The Edel Rhapsody

Stephen Caudel It was 1993 in Carlisle City Cathedral in the North of England: composer Stephen Caudel (left) was present at the World Premiere of his "Edel Rhapsody".

This is believed to be the first time that a work for Solo Bb Tenor Wagner Tuba and Orchestra had ever been performed in the UK or indeed anywhere in the world. (Photo: Stephen Caudel)

Read Wikipedia's page about the Edel Rhapsody.

US Premiere

Following a revision of the score, the work has since been performed in the United States including its US Premiere (2018). Click here to read a Special Feature about these performances and the Wagner tuba soloists involved.

tren cheshierExtract from the review of the performance in Cleveland Heights:

"The Wagner horn sang like a world-famous balladeer. References to composers from Holst and Vaughan Williams to Grainger, Mendelssohn and Mahler, floated by as the soloist spun out melodies in brief contrasting sections. A deftly handled shift in key near the end concluded the performance with a glimpse of the beautiful and unexpected."

(Photo: Tren Cheshier performs the Edel Rhapsody with the Cleveland Heights Orchestra)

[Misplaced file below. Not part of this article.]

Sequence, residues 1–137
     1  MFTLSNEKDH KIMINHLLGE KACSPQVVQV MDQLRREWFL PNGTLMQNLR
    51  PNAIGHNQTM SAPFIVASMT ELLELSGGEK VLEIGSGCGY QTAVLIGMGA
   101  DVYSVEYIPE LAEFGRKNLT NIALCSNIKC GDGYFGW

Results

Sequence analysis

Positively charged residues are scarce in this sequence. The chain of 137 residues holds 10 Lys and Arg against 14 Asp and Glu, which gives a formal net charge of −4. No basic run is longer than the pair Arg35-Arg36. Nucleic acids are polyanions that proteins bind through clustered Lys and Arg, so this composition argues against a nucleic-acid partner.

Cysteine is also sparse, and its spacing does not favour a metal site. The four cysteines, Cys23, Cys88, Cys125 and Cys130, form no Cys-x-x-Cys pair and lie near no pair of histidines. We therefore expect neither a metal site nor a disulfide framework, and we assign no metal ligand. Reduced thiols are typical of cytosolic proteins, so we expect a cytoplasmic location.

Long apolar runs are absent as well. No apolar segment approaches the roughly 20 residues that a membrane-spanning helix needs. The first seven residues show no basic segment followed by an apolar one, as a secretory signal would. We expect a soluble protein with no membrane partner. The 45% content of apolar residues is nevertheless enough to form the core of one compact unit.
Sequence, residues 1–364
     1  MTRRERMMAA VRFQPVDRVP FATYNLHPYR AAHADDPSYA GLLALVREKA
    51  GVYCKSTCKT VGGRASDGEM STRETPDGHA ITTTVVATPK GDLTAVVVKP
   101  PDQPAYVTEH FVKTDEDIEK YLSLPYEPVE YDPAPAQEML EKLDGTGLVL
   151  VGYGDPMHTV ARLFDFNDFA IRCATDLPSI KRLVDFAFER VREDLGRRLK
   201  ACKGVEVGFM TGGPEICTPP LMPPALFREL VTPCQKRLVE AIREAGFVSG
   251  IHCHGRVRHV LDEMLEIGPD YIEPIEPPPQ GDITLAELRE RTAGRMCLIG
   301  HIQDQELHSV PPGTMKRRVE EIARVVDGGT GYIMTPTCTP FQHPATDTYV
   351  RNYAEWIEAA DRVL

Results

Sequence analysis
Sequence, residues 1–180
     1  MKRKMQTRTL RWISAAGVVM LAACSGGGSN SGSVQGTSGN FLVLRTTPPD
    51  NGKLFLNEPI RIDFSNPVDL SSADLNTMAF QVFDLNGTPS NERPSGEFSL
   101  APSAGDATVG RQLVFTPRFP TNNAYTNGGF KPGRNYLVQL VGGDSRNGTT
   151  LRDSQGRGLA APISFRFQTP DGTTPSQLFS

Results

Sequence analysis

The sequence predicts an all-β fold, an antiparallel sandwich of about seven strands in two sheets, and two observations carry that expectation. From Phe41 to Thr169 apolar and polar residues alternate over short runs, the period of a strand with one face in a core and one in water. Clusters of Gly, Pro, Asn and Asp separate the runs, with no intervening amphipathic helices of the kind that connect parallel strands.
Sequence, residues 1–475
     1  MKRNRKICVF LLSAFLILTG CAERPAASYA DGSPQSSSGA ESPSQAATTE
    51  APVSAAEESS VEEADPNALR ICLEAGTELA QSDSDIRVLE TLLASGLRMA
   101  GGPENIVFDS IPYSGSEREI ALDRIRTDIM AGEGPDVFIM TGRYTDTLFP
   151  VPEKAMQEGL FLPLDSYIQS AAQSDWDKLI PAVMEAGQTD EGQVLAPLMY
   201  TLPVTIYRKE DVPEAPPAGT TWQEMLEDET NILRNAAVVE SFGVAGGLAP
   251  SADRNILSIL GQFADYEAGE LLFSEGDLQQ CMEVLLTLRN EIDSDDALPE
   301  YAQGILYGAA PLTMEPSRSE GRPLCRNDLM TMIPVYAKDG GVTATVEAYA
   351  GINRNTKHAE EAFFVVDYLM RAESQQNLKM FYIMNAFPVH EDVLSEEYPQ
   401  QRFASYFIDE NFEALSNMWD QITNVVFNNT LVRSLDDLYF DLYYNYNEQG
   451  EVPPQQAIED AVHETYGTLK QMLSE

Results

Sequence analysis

Recital Performance

Caudel has also produced a piano reduction version for solo Bb Tenor Wagner Tuba and piano. This has proven popular with horn players around the world, from music students interested in learning the Wagner tuba to internationally acclaimed horn players who enjoy the opportunity to play the instrument in a recital context. The Edel Rhapsody has to date been performed in recitals as far afield as Australia, the United States, The Netherlands and Germany.

Composer's Notes

Here are the composer's notes from the 1993 World Premiere:

"It is not every day that a composer has the opportunity to create a 'world first' and for me this was a challenge I could not refuse.

The Wagner Tuba was developed by Adolphe Sax and first exhibited at the Paris Exhibition of 1851 but, since that time, has mainly been used only in sections of four in large orchestral works, notably those of Richard Wagner.

When I first heard the instrument at close quarters I was immediately struck by the richness and fullness of its tone and to me this suggested a work in which the Wagner Tuba would be featured in a lyrical and romantic vein.

The Edel Rhapsody, therefore, along with most of my musical output, represents a return to the 'late romantic' ideals of melodic and emotional intensity, values coincidentally championed by Richard Wagner who first made good use of this wonderful instrument. - Stephen Caudel May 1993"

To contact Stephen Caudel or for more information regarding The Edel Rhapsody send an email to:

Wagner TubaThe Wagner Tuba

The Wagner Tuba (right) is probably one of the least known orchestral instruments in the modern orchestra. Its name is colourful yet ambiguous and causes confusion as to its true identity. The history of the Wagner Tuba is relatively short yet the background to its creation amongst the most notable ever.

The leading resource for this fascinating and lyrical instrument is here:

Wagner Tuba